In the written report, Special Rapporteur Salmón diplomatically avoids pointing the finger of blame too directly at China.  She raises “the imminent risk of repatriation of individuals from the DPRK by other countries” (emphasis added), but she later does mention that “over 2,000 individuals from the DPRK, approximately 70 per cent of whom are women, are estimated to be detained in China as ‘illegal migrants.’”

Later in her specific recommendations to UN countries,  she suggests that that “Member States, in particular China and the Russian Federation, where a large number of escapees from the DPRK reside, provide protection to the people from the DPRK and uphold the principle of non-refoulement for individuals from the DPRK, who are at risk of serious human rights violations upon their forced repatriation.” (Report of Special Rapporteur, Paragraph 4, 47.)  Although China is clearly the principal villain in the refoulement of North Korean refugees, she discretely avoids singling out China alone, though clearly that is where the blame for refoulement lies.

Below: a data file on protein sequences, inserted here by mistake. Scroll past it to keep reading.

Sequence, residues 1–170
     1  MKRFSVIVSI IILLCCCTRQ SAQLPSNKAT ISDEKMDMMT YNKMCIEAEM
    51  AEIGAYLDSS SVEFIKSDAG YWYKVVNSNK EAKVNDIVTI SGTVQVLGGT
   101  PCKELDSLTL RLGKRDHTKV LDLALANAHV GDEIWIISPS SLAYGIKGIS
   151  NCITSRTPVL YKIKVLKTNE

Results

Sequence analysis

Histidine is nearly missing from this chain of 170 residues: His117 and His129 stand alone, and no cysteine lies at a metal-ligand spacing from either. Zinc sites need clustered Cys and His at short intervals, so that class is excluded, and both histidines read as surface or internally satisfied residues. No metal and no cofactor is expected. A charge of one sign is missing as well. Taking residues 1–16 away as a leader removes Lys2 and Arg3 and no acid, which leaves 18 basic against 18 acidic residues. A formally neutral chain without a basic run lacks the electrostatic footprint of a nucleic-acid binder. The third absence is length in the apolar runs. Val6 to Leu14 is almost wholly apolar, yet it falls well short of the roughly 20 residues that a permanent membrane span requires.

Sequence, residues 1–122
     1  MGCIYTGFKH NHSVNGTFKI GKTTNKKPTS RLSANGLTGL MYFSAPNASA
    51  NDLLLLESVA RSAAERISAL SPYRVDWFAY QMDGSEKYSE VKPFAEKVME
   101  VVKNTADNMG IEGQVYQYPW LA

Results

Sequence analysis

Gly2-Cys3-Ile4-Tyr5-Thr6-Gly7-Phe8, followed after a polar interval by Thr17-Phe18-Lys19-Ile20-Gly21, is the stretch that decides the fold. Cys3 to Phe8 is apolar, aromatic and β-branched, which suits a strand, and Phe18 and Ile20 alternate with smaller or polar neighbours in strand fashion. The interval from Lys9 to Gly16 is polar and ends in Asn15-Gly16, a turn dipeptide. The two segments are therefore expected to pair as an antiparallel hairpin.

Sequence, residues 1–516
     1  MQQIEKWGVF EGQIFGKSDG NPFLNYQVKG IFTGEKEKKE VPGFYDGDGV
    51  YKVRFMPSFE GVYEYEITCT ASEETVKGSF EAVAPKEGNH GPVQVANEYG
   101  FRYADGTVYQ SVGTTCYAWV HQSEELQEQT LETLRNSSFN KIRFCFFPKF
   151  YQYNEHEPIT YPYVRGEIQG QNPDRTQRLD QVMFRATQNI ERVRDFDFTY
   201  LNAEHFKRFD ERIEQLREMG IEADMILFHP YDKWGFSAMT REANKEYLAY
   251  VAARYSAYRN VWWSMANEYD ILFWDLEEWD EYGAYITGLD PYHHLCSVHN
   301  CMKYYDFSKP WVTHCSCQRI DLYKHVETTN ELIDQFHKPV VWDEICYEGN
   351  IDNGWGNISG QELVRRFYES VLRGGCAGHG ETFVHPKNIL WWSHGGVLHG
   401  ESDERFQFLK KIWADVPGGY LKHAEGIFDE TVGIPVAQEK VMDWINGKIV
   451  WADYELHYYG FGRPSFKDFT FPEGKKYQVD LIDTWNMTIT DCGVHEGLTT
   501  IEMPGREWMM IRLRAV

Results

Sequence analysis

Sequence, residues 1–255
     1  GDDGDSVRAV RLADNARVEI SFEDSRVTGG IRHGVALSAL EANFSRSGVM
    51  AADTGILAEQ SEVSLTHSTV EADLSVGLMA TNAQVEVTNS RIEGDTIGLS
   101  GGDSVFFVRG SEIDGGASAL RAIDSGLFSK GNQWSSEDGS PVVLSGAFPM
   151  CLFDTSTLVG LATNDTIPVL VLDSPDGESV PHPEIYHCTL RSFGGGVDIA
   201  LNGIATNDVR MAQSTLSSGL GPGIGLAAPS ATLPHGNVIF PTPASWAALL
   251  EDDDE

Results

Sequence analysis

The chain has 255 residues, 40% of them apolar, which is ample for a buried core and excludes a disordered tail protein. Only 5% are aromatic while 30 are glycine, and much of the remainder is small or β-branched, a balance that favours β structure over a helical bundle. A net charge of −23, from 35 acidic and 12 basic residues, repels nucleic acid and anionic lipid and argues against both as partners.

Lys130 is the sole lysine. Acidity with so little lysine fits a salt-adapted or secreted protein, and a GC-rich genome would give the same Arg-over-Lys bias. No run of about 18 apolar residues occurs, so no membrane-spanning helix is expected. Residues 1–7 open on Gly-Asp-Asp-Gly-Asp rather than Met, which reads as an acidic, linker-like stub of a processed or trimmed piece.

General Assembly Committee Approves by Consensus Resolution on Human Rights in North Korea